RTP: You mentioned earlier that PIM historically has been lumped into categories like MDM and seen as a data problem, or something IT handles. Is there an education or perception problem you need to address to make marketing aware that this is a solution for them as well?
Johnson: When you talk to a marketer they’ll say ‘I'm not trying to do rows and columns of the world. I'm trying to tell a story and the story is I want this to fit in this look. I want this to fit in this room or I want this exhaust assembly to fit in this motorcycle. Oh, no. I want to change the exhaust to flat black instead of chrome. That means I want all 14 parts to change.’
The marketer wants to tell a story, so he’s assembling products the way you want to see them. So, it’s a look. It’s a blouse, a shirt and a tie. It’s the chair and the ottoman that are part of the entire room that you're looking at. I'm only looking for a chair, but I want to see how it looks in this room. That is not a rows and columns view of the room.
RTP: You brought up the scenario of a marketer needing the tell the story of how something looks in a room. How do you see the advancement of technologies like augmented reality (AR) and artificial intelligence (AI) impacting the need or use cases for PIM?
Johnson: Augmented reality becomes a data type for this. It adds to the mayhem and complexity. Again, if you’ve got an R&D group coming up with augmented reality views of your products, the marketer is asking, ‘How do I blend this in?’ The answer is through this PIM mechanism. Now, AI has got a bunch of really interesting applications. We’ve got some cool things in AI. One is content generation. So, the way inRiver works and which makes us unique is when you start to work with us and you set up your product with inRiver, you set it up according to the way you're going to merchandise, not by rows and columns, and the way you describe your products.
What we can do is use AI to take that product information and actually write copy. Now, is that your final copy? In some cases, it is. We’ve got some real interesting sentiment analysis that we’re also running through an AI mechanism that actually says, ‘Does this copy make you happy or sad, and how is it compared to the copy that your human beings wrote?’ We’re using AI to take your product data, turn it into copy, and to translate it to 14 languages. Because of our European base, every one of our European customers is dealing with multiple languages. Here in the U.S., it’s one, two or three, but in Europe, we’ve got lots of companies with a dozen or more.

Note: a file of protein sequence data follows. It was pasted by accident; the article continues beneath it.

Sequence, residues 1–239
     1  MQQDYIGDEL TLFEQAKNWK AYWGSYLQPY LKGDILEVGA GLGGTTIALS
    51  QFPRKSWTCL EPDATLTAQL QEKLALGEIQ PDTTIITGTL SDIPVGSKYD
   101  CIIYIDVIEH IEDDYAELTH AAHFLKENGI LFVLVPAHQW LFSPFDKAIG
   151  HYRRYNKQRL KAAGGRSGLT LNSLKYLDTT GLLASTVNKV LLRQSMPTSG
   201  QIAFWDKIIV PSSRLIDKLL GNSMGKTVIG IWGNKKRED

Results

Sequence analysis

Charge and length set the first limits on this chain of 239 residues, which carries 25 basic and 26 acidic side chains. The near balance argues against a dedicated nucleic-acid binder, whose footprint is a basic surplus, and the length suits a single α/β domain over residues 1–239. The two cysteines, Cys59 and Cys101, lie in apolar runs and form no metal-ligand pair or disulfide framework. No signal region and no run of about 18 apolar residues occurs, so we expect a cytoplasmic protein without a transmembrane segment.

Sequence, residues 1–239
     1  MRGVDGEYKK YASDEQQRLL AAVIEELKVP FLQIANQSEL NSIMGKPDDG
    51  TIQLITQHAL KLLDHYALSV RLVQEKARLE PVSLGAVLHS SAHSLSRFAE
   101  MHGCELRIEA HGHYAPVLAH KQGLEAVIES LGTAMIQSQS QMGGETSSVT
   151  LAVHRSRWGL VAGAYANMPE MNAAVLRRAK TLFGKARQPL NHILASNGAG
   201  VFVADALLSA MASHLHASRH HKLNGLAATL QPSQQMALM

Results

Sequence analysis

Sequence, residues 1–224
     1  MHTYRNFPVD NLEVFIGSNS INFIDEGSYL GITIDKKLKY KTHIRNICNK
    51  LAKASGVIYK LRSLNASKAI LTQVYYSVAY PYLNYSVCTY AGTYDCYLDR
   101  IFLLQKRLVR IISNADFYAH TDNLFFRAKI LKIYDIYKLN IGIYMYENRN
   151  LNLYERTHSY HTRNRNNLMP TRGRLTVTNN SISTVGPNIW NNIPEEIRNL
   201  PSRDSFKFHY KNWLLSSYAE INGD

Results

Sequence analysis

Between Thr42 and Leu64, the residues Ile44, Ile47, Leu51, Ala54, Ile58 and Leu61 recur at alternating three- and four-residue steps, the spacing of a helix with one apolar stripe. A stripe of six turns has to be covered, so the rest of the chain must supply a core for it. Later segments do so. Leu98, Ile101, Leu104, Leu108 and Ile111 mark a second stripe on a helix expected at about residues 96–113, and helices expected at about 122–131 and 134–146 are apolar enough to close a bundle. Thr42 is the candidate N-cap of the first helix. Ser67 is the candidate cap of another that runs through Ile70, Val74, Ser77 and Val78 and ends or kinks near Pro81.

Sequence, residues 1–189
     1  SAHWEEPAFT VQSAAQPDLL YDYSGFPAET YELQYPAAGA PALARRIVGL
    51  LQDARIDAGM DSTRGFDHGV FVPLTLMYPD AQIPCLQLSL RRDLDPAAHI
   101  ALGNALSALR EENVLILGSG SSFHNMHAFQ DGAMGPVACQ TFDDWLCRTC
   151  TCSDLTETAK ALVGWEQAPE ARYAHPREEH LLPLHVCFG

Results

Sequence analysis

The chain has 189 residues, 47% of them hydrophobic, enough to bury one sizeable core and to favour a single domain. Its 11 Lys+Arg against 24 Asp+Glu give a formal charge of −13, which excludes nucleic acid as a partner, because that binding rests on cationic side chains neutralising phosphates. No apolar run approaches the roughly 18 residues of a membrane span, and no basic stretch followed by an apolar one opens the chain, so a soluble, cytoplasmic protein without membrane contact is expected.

RTP: Globalization is another data and product information challenge for brands today as they look to expand into new regions. How are you helping address the complexities of selling on a global scale?
Johnson: This is absolutely a global marketplace. We’re a SaaS platform running on a Microsoft infrastructure. We can set up anywhere, anytime. We have customers in Australia. It’s really easy for us to spin off an instance in Australia, Singapore, Malaysia, or any place else that the customer brings up. We can deal with Arabic. We can deal with Chinese. We’ve been in America now for four or five years. We have the footprint here and we’ve developed the skill set to operate in multiple countries.
Thor Johnson leads inRiver as CEO and as a member of inRiver’s Board of Directors. A SaaS industry forerunner and expert, Johnson led Bedrock Data in Boston, a .406 Ventures-backed data integration company and marketed Intralinks (NYSE: IL, since acquired) as CMO. He pioneered modern B2B marketing and demand generation at Eloqua Corporation, which is now part of Oracle (NYSE: ORCL). Johnson has a degree in Computer Science from Brown University and earned his MBA from Harvard Business School.